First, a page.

This article examines variations in Jewish denominational identification (Orthodox, Conservative, Reform, and Just Jewish) among fifty-five U.S. Jewish communities completing local Jewish community studies from 1993 through 2011. We relate these variations to levels of religious and ethnic participation, contributing to the literature on how and whether religious pluralism relates to religious and ethnic participation. First, five denominational clusters are created via k-means cluster analysis (high Orthodox; equal, except Orthodox; high Reform; high Reform/low Just Jewish; and high Just Jewish). We then examine differences in geographic and demographic factors and in levels of religious participation among these denominational clusters. Second, various indexes of Jewish denominational diversity (index of dissimilarity, Shannon Index, Simpson Index, and largest group) are developed. The relationship of the level of Jewish denominational diversity to religious and ethnic participation is explored. The basic finding is that more Jewish denominational diversity does result in higher levels of religious participation but not ethnic participation.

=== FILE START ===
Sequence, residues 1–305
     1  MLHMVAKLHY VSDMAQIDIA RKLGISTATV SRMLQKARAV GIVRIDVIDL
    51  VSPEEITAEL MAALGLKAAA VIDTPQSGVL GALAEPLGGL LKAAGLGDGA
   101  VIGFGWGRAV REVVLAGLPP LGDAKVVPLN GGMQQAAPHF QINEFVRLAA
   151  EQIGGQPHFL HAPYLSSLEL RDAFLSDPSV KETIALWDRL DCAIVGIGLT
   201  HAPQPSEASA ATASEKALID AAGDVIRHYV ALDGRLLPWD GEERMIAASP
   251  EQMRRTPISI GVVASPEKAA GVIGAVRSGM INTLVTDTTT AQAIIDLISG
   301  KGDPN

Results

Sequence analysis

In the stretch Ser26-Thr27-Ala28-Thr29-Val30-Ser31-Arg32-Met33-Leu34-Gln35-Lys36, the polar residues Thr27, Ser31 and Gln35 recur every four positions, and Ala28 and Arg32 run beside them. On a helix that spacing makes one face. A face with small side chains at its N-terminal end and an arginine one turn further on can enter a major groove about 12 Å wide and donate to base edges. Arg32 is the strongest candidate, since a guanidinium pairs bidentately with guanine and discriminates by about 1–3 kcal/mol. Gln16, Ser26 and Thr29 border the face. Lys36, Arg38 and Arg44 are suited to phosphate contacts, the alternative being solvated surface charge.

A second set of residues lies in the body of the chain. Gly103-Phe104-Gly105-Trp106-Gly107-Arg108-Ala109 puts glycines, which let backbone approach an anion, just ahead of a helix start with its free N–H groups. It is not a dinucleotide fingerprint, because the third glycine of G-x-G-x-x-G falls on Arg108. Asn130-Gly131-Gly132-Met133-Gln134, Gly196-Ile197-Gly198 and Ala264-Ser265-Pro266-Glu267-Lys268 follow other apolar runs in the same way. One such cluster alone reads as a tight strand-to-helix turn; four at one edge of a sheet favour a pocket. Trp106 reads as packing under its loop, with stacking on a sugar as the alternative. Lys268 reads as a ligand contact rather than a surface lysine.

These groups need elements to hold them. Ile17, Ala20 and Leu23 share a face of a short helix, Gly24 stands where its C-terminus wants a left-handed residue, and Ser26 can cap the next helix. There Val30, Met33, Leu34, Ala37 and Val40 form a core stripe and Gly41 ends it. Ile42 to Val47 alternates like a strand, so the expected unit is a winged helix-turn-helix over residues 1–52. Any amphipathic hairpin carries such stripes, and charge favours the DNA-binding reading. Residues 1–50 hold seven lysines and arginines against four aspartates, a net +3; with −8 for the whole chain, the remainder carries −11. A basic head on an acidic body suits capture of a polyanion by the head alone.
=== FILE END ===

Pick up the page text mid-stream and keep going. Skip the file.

ASJC Scopus subject areas
- Geography, Planning and Development
- Earth-Surface Processes